Posted on 11 February 2018
Prime Minister Mark Rutte of the Netherlands announced the winning team of the Wetskills South Korea challenge at the Olympic Winter Games, in Gangneung, on 10 February.
Five teams of Dutch and Korean young water professionals worked two weeks at the Hongik University in Seoul on real water issues and were challenged to come up with an innovative solution.
The winning team came up with an idea for the water utilities of Amsterdam (NL) and Seoul (KOR) to convert fully to renewable energy.
|On the stage in the Holland Heineken House where normally Dutch Olympic medal winners are cheered. Second left is Dutch Prime Minister Mark Rutte|
Eleven Dutch and nine South Korean water talents started their Olympic adventure in Seoul at Hongik University.
Water experts from Dutch and Korean water companies and institutes presented the young water professionals five real existing water issues. In multidisciplinary teams the water talents worked at the university for a few days on a realistic, out-of-the-box solution.
The winnning team designed a decentralised energy network for water utilities to recover and store energy. The network includes the recovery of energy and heat from waste water inside at house level. Each house has a generator and a warm water tank to recover the energy and a battery to store the energy.
Holland Heineken House
After two weeks, five Dutch-Korean teams presented their solutions in the Holland Heineken House on 10 February.
The Holland Heineken House is located close to the Olympic skating stadium and acts as a home for Dutch athletes and their fans during the Olympic Games.
The team with the best solution, to generate more renewable energy from waste water, took the very famous stage – normally for Dutch Olympic medal winners only - to receive the award from Dutch Prime Minister Rutte.
The team consisted of Rianne Meeusen, Anniek Timmerman, Wonjung Chung and Bin Kim (on top photo from left to right in front row with flowers).
|Wonjung Chung of the winning team piches the solution to recover renewable energy from waste water.|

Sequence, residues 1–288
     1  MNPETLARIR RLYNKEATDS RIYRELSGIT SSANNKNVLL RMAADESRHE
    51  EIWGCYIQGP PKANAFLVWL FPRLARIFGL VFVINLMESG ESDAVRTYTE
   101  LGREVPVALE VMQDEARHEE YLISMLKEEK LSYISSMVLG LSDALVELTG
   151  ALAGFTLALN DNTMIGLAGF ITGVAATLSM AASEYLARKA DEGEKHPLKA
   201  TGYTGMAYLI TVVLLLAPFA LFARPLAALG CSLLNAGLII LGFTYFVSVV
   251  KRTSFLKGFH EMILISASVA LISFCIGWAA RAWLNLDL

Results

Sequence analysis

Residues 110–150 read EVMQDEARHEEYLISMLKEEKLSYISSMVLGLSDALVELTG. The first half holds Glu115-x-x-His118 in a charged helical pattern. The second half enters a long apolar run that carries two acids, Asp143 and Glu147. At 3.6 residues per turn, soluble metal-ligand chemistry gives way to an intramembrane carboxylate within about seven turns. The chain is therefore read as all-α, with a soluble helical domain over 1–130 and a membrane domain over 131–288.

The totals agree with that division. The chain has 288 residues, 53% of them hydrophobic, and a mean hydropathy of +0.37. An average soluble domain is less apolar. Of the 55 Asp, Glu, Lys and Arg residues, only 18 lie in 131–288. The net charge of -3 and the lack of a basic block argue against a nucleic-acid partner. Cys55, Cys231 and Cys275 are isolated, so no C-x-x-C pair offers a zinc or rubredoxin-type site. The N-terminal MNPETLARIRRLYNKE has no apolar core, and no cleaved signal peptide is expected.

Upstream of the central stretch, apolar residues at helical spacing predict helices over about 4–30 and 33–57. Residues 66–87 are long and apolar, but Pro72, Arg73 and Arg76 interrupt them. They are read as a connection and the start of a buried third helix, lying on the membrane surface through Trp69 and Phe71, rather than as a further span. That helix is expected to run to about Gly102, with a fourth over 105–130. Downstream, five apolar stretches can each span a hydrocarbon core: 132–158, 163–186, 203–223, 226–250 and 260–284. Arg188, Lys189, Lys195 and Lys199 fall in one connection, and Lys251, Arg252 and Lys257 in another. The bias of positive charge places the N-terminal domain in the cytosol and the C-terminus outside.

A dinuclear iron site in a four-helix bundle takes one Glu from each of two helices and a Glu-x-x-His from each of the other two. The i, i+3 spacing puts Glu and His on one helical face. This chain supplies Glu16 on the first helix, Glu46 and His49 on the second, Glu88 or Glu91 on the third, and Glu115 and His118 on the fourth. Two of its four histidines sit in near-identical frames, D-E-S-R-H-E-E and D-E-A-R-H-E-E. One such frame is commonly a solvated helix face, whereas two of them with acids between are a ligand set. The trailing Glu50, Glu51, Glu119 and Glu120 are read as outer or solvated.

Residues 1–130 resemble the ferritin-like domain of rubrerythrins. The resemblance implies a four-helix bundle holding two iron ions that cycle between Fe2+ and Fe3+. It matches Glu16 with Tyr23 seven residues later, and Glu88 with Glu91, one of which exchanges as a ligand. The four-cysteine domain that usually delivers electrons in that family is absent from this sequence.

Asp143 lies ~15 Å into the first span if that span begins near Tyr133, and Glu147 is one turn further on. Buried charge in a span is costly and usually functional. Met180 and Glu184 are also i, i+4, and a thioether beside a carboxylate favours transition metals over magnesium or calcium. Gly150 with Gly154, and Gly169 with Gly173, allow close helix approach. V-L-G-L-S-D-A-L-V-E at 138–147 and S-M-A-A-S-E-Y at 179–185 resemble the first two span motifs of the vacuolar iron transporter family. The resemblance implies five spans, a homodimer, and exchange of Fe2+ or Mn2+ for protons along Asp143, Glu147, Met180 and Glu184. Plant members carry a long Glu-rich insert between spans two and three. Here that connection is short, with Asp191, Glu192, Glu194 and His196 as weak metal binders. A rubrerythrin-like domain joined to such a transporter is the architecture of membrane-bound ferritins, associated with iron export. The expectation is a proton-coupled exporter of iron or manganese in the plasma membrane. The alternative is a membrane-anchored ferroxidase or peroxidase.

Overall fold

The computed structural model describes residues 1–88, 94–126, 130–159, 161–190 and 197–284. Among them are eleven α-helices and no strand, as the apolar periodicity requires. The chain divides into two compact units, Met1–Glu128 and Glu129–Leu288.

For two weeks the teams of water talents worked on solutions for five cases:
● Korean water company K-Water asked the youngsters a plan for ecological water management for rivers in South Korea.
● Waternet Amsterdam and the Seoul city council sought for possibilities to generate more renewable energy from water.
● Delfland Water Board looked for possibilities for decentralization of wastewater treatment and recovery of raw materials.
● Korean scientific institute KIST requested a design of a saline water-bearing layer in the soil that can be used as to store energy or fresh water.
● Dutch Province of Friesland and Daegu city asked a team to write a game competition for the development of smart water systems for consumers.
Since 2010, more than 500 students and young water professionals from 120 universities and organizations have participated in one of the 27 Wetskills Water Challenges. These events took place in Asia, Africa, America and Europe. The next Wetskills Challenge is to take place in Oman late March and will focus on solutions to make water from the air.
Other Wetskills events planned for this year, are Wetskills-Colombia (in May), Wetskills-China (May) and Wetskills-South Africa (June).
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● Heat stress city app wins Romania Wetskills Water Challenge, 6 June 2017
The Hague, the Netherlands